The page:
As we all know it’s important to stay warm over the winter months, especially for the older generation. It’s vastly important to make sure that chimneys are kept in top working order for safety reasons. Click here to read about the reasons for having your chimney swept
Cold homes have a significant impact on people’s health. One of the best ways of keeping yourself well during winter is to stay warm.
Keeping warm over the winter months can help prevent colds, flu or more serious health conditions such as heart attacks, strokes, pneumonia and depression.
The chances of these problems are higher if you’re vulnerable to cold-related illnesses because of one or more of the following:
- you’re over 65
- you’re on a low income (so can’t afford heating)
- you have a long-term health condition such as heart, lung or kidney disease
- you are disabled
Flu is a highly infectious illness that can spread rapidly. If you’re at risk of complications from flu, you may be eligible for a free flu jab.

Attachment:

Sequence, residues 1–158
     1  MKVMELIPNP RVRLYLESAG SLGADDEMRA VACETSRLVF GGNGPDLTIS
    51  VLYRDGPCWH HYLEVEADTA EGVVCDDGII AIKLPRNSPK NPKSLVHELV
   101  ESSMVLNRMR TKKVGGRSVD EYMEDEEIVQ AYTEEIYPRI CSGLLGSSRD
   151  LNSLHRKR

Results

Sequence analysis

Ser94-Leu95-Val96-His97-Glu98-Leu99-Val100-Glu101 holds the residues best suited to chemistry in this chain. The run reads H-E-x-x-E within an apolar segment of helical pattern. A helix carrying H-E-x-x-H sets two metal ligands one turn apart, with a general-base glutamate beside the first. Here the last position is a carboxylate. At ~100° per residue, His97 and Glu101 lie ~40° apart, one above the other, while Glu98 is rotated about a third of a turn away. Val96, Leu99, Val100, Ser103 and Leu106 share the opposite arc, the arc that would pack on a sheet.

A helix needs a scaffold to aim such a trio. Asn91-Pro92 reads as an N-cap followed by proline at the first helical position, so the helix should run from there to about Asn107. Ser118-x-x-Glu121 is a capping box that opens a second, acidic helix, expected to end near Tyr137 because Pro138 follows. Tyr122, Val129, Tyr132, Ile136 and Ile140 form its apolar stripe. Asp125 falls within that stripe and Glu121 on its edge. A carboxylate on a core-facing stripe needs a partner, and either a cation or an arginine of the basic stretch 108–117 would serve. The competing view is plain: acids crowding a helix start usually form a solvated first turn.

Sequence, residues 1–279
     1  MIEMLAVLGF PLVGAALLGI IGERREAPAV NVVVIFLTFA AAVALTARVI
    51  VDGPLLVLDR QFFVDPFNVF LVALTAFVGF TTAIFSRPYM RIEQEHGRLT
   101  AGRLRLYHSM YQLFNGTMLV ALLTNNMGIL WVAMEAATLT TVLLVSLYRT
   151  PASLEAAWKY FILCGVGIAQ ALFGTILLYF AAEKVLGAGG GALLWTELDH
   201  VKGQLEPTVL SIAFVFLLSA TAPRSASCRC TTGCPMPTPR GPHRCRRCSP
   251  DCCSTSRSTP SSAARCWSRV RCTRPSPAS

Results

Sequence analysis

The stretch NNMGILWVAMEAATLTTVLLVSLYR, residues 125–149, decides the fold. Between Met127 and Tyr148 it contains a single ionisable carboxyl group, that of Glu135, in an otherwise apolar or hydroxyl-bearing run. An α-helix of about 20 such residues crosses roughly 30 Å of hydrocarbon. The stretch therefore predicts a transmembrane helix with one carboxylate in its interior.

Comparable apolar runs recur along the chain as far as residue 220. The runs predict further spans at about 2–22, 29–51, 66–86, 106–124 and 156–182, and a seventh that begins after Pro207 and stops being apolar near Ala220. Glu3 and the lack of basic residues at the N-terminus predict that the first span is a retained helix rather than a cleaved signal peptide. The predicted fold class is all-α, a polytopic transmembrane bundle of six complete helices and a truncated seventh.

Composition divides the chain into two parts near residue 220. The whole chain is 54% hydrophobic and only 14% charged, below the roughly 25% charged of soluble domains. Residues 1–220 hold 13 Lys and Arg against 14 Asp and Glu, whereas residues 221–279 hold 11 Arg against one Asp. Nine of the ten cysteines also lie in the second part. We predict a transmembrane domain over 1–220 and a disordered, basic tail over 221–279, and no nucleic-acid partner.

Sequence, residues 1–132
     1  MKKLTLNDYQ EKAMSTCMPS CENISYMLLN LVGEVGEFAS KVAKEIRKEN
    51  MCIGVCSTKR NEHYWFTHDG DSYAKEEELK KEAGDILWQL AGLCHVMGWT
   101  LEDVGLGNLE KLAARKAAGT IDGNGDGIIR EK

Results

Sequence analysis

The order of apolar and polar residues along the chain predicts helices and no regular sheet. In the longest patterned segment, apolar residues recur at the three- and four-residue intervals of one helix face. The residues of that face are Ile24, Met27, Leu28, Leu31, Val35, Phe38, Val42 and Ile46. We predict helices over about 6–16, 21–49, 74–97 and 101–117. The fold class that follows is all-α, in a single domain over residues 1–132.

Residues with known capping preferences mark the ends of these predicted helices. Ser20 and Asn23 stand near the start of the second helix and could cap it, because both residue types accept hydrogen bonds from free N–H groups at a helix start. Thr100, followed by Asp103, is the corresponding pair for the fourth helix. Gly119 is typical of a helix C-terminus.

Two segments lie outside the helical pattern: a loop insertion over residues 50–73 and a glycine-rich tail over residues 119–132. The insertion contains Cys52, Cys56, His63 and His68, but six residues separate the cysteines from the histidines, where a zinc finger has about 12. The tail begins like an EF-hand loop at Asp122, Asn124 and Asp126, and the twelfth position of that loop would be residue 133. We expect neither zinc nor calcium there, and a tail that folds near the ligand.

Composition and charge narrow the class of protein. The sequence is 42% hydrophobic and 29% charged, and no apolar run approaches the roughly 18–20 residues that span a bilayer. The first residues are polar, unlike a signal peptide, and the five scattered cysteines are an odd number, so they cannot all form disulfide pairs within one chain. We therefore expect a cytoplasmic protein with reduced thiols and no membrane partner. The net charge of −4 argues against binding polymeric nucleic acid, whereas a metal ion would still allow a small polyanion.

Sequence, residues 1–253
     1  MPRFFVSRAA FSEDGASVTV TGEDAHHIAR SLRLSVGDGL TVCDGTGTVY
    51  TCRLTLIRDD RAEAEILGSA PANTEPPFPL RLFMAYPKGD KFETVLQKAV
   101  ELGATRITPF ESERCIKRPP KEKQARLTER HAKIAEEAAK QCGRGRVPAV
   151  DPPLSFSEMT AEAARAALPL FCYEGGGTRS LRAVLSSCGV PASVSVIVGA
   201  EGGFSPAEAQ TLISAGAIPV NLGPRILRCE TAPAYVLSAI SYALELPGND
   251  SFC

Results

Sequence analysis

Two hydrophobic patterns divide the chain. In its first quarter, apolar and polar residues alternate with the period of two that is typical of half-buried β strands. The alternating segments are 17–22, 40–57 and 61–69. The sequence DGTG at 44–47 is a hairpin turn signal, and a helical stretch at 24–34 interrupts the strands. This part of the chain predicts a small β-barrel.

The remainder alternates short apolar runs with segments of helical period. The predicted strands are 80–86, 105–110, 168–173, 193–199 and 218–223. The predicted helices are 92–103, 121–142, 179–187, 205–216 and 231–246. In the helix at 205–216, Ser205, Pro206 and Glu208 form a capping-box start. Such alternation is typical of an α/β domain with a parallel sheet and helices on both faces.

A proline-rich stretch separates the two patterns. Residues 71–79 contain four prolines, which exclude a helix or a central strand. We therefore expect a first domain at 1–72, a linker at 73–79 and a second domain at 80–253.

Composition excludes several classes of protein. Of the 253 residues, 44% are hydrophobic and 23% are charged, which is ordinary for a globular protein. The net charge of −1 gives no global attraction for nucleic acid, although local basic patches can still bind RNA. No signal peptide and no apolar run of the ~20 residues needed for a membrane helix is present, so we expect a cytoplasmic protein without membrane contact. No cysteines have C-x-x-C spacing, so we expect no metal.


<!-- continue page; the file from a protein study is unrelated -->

Find out if you can get the flu jab for free on the NHS.
Every winter in the UK, 25,000-30,000 deaths are linked to the cold weather. Currently, approximately four million households in the UK are in fuel poverty. This is when a household spends more than 10% of its income to keep warm.
How to stay warm
The government’s advice on getting ready for winter winter aims to reduce cold-related illness and deaths. Key tips include:
Keep your home warm. Your main living room should be between around 18-21C (65-70F) and the rest of the house at a minimum of 16C (61F). You can also use a hot-water bottle or electric blanket (but not both at the same time) to keep warm while you’re in bed.
Eat well. Food is a vital source of energy, which helps to keep your body warm. Try to make sure that you have hot meals and drinks regularly throughout the day and keep active in the home if you can.
Wrap up warm, inside and out. Layer your clothing to stay warm and wear shoes with a good grip if you need to go outside. If possible, stay inside during a cold period if you have heart or respiratory problems.
Check on older neighbours or relatives to make sure they’re safe and well. Make sure they’re warm enough, especially at night, and have stocks of food and medicines so they don’t need to go out during very cold weather. If you’re worried about a relative or an elderly neighbour, contact your local council or ring the Age UK helpline on 0800 00 99 66.
Read more tips on how to cope in very cold weather.